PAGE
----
The principal aim of the Centre for Ancient Cultures is to expand students’ awareness and knowledge of the culture, history and legacy of key civilisations of the ancient Mediterranean, especially Egypt.
Given the determining influence of the ancient Mediterranean world on western culture at many levels, all participants in our courses are encouraged and urged to relate their studies within the Centre for Ancient Cultures to those that they undertake elsewhere in the faculty.
Studies of the ancient world and its riches contribute like few others to broader, more holistic perspectives.
We believe that effective teaching involves drawing students into a dialogue about the nature and purpose of their learning and into critical debate about the knowledge they are expected to gain. Through studying the past students are calculated to develop the sense that problems can be examined dispassionately and that the transitory can be distinguished from the permanent. Such realisation will enable them to assess the present more critically and more wisely.
We aim to furnish students with the investigative, analytic and interpretational methods and techniques appropriate to their area of study.
In non-language subjects, students are encouraged to question texts and other evidential material and consider the methods by which answers may be sought.
Particular attention is paid to different methodologies, and why their assumptions, approaches and preoccupations have changed over time.
In seeking to equip students with a sound methodological perspective, we aim to ensure they acquire the practical skills that are necessary to complete their undergraduate work requirements.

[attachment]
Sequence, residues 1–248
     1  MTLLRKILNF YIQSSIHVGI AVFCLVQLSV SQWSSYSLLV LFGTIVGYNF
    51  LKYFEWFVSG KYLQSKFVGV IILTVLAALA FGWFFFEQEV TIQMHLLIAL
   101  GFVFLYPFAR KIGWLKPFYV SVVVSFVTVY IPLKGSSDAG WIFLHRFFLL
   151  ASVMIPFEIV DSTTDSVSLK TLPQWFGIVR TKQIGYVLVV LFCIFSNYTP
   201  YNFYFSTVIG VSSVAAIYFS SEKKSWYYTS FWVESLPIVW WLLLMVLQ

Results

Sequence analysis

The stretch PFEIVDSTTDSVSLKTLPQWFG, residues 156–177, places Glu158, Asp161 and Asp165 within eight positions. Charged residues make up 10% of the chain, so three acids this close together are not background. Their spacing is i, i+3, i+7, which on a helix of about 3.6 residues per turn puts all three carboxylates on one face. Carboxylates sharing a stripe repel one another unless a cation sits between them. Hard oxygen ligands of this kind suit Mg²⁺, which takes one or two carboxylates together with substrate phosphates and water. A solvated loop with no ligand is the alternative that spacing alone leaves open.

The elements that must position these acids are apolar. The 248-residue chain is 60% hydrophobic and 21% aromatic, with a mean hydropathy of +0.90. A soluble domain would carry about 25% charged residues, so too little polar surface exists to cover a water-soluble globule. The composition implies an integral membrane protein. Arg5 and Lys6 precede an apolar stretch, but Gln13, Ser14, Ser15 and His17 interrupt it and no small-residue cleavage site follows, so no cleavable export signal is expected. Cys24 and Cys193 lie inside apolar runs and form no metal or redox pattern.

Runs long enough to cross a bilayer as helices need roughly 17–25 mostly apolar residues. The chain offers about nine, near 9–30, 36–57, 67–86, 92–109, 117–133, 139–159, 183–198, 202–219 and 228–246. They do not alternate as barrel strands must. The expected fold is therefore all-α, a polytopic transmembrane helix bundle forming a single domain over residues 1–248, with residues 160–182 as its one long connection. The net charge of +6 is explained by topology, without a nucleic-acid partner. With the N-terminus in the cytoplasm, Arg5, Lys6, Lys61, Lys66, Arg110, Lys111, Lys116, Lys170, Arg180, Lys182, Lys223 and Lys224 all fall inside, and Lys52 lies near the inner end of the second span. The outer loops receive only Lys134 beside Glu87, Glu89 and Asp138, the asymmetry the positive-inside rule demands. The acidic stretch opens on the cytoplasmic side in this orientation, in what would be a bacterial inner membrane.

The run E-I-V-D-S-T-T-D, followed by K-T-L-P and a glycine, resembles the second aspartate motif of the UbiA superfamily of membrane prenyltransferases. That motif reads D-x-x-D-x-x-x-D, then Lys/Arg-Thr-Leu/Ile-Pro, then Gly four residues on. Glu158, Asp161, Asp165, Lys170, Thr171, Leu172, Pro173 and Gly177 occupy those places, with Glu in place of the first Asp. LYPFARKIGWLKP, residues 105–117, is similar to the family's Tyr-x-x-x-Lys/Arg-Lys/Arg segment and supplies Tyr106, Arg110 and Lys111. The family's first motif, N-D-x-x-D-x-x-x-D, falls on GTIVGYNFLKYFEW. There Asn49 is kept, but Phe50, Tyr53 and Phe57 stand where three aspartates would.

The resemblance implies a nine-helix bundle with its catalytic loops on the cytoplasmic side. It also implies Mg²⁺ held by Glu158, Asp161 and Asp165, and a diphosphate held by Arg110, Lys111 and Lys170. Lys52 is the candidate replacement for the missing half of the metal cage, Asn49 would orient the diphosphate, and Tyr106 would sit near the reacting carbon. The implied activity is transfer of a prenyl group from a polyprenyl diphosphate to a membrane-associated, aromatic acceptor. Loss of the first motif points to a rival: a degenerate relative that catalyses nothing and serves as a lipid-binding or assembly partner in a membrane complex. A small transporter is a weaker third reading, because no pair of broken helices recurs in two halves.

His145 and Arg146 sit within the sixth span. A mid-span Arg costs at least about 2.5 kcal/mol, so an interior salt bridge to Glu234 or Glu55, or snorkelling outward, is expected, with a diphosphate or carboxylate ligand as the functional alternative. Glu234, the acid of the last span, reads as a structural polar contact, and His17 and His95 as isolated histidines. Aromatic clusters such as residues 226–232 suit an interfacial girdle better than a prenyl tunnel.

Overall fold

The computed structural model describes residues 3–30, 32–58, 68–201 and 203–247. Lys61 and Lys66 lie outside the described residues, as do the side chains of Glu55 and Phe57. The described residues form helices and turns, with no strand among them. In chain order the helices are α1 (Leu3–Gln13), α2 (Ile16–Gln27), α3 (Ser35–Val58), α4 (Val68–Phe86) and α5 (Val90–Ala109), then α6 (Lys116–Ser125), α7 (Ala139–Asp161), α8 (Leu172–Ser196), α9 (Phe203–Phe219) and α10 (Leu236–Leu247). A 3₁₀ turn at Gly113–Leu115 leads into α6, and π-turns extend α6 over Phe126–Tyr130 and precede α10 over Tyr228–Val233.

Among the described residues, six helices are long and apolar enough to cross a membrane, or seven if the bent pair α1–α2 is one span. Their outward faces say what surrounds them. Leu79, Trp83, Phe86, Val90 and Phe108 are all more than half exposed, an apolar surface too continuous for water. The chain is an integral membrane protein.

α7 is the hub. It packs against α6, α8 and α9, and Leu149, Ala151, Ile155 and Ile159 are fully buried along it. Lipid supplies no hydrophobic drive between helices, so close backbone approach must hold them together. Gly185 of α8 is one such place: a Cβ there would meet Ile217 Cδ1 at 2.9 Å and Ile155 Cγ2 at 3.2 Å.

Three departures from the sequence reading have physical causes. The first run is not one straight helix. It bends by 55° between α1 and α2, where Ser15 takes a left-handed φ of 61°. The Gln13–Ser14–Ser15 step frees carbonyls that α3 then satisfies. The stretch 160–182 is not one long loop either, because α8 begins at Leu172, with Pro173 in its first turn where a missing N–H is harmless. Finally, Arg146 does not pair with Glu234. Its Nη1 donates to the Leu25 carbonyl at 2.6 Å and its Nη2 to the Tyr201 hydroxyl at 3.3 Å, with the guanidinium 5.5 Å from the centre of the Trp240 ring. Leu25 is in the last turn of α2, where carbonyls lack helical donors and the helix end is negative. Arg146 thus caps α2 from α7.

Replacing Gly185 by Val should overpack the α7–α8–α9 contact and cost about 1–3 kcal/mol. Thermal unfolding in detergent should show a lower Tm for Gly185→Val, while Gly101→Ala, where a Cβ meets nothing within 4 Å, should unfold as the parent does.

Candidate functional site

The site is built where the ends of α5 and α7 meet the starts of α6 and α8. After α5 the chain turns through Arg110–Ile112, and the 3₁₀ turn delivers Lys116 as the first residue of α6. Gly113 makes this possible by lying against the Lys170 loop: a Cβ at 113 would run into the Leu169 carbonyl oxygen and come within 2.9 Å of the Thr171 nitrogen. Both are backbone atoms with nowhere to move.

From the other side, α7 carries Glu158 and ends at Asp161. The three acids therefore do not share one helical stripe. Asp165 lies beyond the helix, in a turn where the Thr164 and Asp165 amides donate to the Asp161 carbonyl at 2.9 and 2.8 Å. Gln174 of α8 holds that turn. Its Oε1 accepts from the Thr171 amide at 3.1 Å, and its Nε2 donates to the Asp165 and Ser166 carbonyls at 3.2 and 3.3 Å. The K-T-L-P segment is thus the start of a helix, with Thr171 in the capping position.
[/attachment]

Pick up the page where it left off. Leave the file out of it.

Students are expected to develop skills, all important in the job marketplace, of clear expression, discrimination, and accuracy in their written and oral presentations.
- The first annual Australasian Women in Ancient World Studies (AWAWS) lecture will be presented this year by Dr Gillian Bowen (Centre for Ancient Cultures, Monash ... Read more
- Monash researchers present a virtual reconstruction of the ‘Plain of Jars’ archaeological site in Laos. For more information please see this link: https://www.monash.edu/news/internal/the-insider/18-aug-2016/walking-in-an-ancient-burial-site-in-clayton?utm_campaign=Ancient%20burial%20site%20in%203D,%20Education%20Minister%20Visits,%20Lupus%20Breakthrough&utm_source=the-insider&utm_medium=email Read more
- Colin Hope, Gillian Bowen and Iain Gardner (University of Sydney) have just been awarded a major 5 year research grant to continue excavations in Dakhleh ... Read more
- Monash-Warwick Alliance: New funding for Taught Masters in Ancient Visual and Material Culture at WarwickThe University of Warwick has announced a new funding scheme for applicants to Taught Masters programmes, aimed at students with particular financial needs (further details ... Read more